I should add that my gut reaction to your question was this: I don’t have a primary occupation.

And where do you sit in the debate over digital files versus a physical recording now? What role do these feelings have in what you do as a musician?

From my own standpoint as a listener and, to an extent, as a collector, I don’t trust my ability to successfully keep track of digital files, and certainly not over a longer period of time.  I find the various interfaces of iTunes, Spotify, Pandora, etc., more or less hideous.  I’m more simpatico with SoundCloud — partially because of the interface, including the absence of advertising, and partially because of the way in which pages are the result of decisions by particular musicians, record labels or venues.  My home listening situation is such that the laptop has to be invited to connect with the stereo as a guest.  It definitely doesn’t get to leave its toothbrush at the stereo’s place.


As a musician, I primarily make works in my preferred format — the album.

If, as it appears to be in the book, John Cage's position with respect to recordings of his own work appears somewhat contradictory, is it the case that that contradiction has been passed on to us, those of us who are interested in innovative or experimental music? Is the contradiction useful somehow? 

My sense is that Cage’s seemingly contradictory attitudes — the fact that he railed against recorded music while participating in recordings and pioneering numerous innovative techniques in recording — are immensely productive.  They’re productive from the standpoint of a critic or a historian because they invite more precise, more nuanced readings (hence the necessity of the word “seemingly” in the previous sentence), and they’re productive from the standpoint of a musician or artist because they provide a model for both protesting and working creatively within a culture that demands ease of access and acquisition.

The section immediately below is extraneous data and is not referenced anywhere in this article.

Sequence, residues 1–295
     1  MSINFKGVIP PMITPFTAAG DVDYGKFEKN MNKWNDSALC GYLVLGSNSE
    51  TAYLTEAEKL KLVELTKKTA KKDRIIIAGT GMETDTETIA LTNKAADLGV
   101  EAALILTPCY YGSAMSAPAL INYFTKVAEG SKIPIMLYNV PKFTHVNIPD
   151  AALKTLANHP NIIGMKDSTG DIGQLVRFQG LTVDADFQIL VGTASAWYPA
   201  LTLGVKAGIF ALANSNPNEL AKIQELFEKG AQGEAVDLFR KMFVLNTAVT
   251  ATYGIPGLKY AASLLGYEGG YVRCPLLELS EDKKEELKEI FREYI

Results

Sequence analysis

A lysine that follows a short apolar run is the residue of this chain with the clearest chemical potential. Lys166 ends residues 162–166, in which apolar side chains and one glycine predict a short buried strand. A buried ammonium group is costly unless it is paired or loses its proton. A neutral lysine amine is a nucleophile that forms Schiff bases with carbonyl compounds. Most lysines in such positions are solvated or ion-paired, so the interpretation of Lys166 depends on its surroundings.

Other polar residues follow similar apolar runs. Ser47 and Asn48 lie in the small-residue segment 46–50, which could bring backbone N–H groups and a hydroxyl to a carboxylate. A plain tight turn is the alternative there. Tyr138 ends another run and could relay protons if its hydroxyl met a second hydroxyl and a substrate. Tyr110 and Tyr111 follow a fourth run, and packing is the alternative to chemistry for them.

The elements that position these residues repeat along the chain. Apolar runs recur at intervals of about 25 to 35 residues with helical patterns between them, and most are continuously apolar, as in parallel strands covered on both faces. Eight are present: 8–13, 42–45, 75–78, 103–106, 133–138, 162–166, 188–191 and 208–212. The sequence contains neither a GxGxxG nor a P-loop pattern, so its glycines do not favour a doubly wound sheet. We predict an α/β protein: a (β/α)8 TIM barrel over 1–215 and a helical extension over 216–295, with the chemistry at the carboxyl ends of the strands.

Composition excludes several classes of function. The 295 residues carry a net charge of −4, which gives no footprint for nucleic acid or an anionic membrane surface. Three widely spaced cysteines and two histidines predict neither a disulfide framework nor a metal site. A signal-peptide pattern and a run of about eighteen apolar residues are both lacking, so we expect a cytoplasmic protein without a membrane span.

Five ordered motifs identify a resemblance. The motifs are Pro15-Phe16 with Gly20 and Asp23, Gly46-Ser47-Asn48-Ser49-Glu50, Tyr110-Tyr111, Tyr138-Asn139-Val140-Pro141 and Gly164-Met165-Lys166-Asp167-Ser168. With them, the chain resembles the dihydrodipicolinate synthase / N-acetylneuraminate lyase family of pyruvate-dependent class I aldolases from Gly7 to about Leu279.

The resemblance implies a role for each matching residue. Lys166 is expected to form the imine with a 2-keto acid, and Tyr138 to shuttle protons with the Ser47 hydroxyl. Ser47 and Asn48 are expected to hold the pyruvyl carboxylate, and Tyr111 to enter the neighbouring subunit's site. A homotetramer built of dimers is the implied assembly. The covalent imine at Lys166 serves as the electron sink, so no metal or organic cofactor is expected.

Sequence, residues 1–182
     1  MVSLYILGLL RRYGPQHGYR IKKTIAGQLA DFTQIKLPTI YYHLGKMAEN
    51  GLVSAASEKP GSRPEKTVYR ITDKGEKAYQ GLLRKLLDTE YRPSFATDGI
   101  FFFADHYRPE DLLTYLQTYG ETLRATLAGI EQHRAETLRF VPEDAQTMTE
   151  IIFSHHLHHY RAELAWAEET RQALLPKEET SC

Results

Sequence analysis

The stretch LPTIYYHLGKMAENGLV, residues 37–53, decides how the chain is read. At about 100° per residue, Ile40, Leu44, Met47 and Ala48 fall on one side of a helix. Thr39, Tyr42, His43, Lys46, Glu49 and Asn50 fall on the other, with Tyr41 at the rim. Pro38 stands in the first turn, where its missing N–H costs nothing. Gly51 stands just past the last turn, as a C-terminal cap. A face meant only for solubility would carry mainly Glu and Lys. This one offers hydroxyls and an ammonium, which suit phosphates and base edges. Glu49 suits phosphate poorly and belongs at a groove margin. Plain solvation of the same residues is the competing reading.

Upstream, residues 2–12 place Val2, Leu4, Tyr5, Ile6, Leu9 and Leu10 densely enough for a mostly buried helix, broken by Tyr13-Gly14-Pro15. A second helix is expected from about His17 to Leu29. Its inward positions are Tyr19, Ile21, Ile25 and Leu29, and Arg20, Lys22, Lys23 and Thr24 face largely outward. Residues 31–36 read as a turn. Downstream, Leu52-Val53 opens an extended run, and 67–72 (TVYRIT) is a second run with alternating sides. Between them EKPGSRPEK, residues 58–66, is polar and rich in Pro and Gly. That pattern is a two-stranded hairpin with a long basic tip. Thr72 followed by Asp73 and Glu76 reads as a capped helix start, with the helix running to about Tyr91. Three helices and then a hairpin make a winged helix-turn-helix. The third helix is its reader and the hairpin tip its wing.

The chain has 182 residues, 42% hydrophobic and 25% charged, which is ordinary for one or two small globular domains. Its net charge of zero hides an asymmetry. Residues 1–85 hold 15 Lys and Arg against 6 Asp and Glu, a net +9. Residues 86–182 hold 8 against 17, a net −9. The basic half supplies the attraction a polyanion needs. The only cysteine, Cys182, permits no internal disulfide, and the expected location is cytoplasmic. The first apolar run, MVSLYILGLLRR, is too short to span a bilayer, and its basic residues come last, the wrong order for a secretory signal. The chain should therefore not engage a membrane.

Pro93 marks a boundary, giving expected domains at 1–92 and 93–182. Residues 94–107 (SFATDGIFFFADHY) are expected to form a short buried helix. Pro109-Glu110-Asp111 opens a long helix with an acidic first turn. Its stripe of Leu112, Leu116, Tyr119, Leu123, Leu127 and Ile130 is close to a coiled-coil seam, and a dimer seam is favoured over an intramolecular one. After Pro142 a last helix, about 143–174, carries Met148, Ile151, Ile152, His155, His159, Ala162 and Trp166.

Has the complexity of Cage’s position been passed along?  Not particularly, and that’s one of the impulses behind this book — to measure the distance between period attitudes towards recordings of experimental music in the 1960s and in the present moment.


I should add, however, that when speaking of the complexity, of the productive contradictions, and so on, of John Cage, I am also interested in underscoring Cage’s ignorance of much popular music — and the ways in which this marks a generational divide between Cage and younger artists, especially in the early 1960s, for whom the challenge to move beyond or to stand apart from Cage was widely felt.  It was a challenge that vexed a number of younger musicians, when the fact of merely opening one’s ears to what was happening in a variety of pop musics already marked some distance from Cage.

What are you writing next? Do you want to talk about it?

It’s a book-length poem about a musical performance.  I read a long section of it at a BOMB benefit this January in a trio performance with C. Spencer Yeh and Eli Keszler.

Does the fact that Henry Flynt, to take one salient example from your book, has resumed playing in the last five or six years (after decades of silence) tell us anything about the effect of digital archiving and the increased visibility of experimental music in the present moment?